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To what extent do the sources agree that Russian government policy on agriculture consistently failed and that peasants resisted it under both Tsarists and Communist rule.

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To what extent do the sources agree that Russian government policy on agriculture consistently failed and that peasants resisted it under both Tsarists and Communist rule. The Tsars had ruled Russia for centuries before the October revolution in 1917 that led to the Tsars eventual downfall. This revolution brought Lenin back to Russia to lead and the start of Communist rule. When Lenin died Stalin took over the communist rule and he started making many policies to do with industrialisation and agricultural issues. A source one deal with the emancipation statue of 1861 and at the beginning of the source, agrees that the emancipation act did start off a good idea 'Alexander II freed more slaves than Abraham Lincoln'. As this emancipation was a moral achievement, serfdom was being noticed as wrong and trying to be solved. But the source then goes on to agree that the policy failed after in was put into practice stating ' most of the liberated serfs resented receiving too little land for their needs and having to pay more for it than they could afford. This provides evidence of how the introduction of redemption payments undermined the fundamental aims of the policy. There were major limitations to the emancipation act the main being that in the end the tsar still had control over the peasants.' the peasants were bound in various ways to their village communes'. ...read more.


I would infer that the peasant is from the Ukraine because there the reforms were doing ok and there were more fertile lands whereas in west Russia the lands were much less fertile and the weather conditions were much worse. This source does suggest that this reform did bring some success, but the overall picture was that many peasants preferred social security and not taking such risks by selling their land, and this then lead to the failure of the policy. Source three is a conversation between Winston Churchill and Stalin on collectivisation. But one thing to consider with this source is that we do not know where the source actually came from, as it is not in Churchill's diaries and nothing else is mentioned, this meaning it lacks some reliability. It is also Stalin's view of his own collective farm policy, so is another reason why the source has to be objectively. Churchill is talking to Stalin in a very positive/sympathetic way but really he had to considering the political situation he was in. The talk took place during world war two and at this time Stalin was keeping the eastern front open, helping Churchill. So he could not make an enemy of Stalin. The source does provide evidence that the policy was a failure, by referring to the collective Farm policy as 'a terrible struggle'. ...read more.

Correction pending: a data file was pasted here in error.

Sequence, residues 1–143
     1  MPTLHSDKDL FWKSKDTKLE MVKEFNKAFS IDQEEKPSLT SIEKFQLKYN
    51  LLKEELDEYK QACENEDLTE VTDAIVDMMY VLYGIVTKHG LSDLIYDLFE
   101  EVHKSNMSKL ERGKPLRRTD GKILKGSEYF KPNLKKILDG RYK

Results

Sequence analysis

Source 5 backs up the idea that the scheme should have been more successful, as the target for 1965 was 170, and only 114 was achieved. Source six also agrees that Khrushchev's policy was on the whole a failure, blaming its failure on Khrushchev's inheritance of 'a generation of neglect' for its failure. What source six also points out is ' change could only come by order from above' which meant that the government policy on emancipation and the virgin lands caused the failure of these schemes as they were poorly organised. Like in source four and source one, the peasants were left with no initiative and no real freedom and success like they were always promised and never given. Alec Nove, the source writer who is a respected historian also mentions that about collectivisation 'ensured that they be imposed on a set pattern regardless of local circumstances, so as to report what Moscow wanted to hear'. This referencing to source three and how Stalin imposed the local farming policy. Overall, it is clear that the sources do agree that most of the agricultural policies did consistently fail and there was evidence that it was resisted under both Tsarist and Communist rule. Some of the sources do need to be treated with some question due to the writer of the source being objective as in sources 3 and 4, but all of the sources do agree that all of the agricultural policies during the period did fail to some extent. ...read more.

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